I did not make this art although I wish I did! It’s the work of one of my talented classmates.
Every Tuesday, I attend the Open Art Studio class at the Minnesota Landscape Arboretum in Chanhassen. When I signed up, I assumed that “art” included writers (hey, I’m an artist too, right?), and when I showed up the first day and opened up my laptop, I realized that everyone else was setting up easels and tubes of paint and going to the nearby kitchen to fetch water for their brushes. Whatever initial awkwardness there was, was quickly dismissed by Wendy DePaolis, the Arboretum’s Curator of Art and Sculpture and Fine Arts Education Programmer. She popped into the class that first day and told me, “I thought it was fun that a writer would join the group!” I’ve since become the group’s token writer. My fellow artists at work on watercolors or oil painting never fail to inquire about my latest projects. They get a kick out of my love of all things Prince. (And yes, I once played Prince’s song “Arboretum” for them. Fortunately, it’s an instrumental so lyrical content was not an issue. Ha!).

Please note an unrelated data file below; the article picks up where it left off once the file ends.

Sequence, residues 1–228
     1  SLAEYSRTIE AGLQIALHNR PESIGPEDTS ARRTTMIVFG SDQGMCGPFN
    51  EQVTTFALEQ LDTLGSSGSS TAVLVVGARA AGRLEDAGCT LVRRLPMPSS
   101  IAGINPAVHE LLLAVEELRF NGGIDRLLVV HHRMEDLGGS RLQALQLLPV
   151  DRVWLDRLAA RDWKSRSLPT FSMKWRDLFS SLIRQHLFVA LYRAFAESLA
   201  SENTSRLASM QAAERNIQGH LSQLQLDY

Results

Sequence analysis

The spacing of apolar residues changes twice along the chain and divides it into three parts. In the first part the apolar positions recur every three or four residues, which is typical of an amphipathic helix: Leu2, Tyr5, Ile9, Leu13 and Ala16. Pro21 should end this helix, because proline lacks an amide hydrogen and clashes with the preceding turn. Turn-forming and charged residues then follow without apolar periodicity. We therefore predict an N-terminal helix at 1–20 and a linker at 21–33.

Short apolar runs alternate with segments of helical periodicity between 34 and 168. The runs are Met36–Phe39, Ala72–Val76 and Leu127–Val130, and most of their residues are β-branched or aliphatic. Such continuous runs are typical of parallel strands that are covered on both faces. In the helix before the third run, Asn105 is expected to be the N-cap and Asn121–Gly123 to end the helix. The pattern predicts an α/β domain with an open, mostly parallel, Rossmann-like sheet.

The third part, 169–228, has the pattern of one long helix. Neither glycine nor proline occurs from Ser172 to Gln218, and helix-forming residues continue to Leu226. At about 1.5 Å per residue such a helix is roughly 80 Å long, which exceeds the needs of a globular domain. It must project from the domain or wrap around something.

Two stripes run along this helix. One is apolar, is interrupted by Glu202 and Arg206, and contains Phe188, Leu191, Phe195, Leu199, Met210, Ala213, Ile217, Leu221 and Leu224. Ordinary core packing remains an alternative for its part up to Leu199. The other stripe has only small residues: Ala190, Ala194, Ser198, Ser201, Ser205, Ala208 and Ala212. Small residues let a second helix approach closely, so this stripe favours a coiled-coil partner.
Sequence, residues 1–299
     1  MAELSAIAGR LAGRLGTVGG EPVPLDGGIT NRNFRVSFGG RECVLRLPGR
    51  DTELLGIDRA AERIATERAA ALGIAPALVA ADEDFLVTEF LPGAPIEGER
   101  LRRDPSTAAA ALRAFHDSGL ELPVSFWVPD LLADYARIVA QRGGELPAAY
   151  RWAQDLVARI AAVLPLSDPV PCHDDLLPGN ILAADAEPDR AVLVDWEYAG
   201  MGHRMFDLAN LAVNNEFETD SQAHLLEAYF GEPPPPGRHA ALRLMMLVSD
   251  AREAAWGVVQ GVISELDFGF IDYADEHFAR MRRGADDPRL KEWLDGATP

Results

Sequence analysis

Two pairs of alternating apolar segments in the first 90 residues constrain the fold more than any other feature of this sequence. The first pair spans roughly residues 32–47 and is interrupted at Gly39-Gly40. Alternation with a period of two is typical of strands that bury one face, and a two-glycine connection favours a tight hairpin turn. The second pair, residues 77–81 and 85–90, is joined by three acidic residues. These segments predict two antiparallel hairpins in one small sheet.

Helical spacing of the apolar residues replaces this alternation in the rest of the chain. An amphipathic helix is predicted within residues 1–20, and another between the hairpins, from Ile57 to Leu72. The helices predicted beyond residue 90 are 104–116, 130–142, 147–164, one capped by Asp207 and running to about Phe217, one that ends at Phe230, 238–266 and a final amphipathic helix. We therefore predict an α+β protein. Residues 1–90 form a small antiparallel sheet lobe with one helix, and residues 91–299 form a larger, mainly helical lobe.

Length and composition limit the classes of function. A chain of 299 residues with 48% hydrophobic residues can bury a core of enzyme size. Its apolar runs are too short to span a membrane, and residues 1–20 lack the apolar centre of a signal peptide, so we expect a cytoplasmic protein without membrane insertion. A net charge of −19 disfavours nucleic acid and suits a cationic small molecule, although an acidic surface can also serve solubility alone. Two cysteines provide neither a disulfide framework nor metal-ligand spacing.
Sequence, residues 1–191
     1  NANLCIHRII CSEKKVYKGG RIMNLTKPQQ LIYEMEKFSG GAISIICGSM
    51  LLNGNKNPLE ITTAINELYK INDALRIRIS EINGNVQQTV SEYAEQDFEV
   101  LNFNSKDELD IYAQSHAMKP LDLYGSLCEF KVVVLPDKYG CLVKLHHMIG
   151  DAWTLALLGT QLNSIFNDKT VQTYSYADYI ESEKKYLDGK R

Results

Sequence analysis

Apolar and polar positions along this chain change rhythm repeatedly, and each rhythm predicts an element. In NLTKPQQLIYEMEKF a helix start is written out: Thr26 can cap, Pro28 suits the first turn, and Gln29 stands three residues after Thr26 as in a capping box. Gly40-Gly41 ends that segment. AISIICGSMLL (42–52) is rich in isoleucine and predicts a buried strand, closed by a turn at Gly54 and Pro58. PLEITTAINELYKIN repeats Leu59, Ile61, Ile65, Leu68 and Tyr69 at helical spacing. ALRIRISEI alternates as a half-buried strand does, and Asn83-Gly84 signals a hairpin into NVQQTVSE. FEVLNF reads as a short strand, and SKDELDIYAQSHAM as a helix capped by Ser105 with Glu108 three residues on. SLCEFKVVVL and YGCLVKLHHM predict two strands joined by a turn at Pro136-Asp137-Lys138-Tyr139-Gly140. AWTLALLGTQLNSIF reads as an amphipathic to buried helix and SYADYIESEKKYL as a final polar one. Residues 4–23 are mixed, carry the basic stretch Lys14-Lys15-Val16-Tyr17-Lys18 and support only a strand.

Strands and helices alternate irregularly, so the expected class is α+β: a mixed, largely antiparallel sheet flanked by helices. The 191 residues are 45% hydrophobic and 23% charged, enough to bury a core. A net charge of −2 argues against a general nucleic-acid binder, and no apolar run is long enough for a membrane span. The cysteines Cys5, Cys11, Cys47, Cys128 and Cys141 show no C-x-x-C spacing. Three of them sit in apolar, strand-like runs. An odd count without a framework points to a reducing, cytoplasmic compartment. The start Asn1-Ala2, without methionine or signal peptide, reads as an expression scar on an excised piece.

Prince loved the Arboretum, which is just down the highway from Paisley Park. Knowing that Prince loved this place is part of the reason I signed up for class. When I first moved to Minnesota, I’d go anywhere Prince used to go, figuring if it was good enough for him, it was certainly good enough for me. So I went to hear music at Dakota Jazz Club, where he had a table, and had brunch at People’s Organic, where the owners were Prince’s personal chefs. Prince has never steered me wrong, even when I inadvertently wound up in art class.
There is a whole series of photographs of Prince taken at the Arboretum by his former art director Steve Parke. The colors here are spectacular year-round and I am greatly inspired by watching paintings take shape. In the midst of a very long winter, seeing painters at work with brushes and palettes of paint in every hue of the rainbow lifts my spirits. And even though I’m here tapping away at the keys on a laptop rather than brush on canvas, it’s remarkable what a room full of artists can accomplish together! There is a colorful energy to creating — whatever the medium.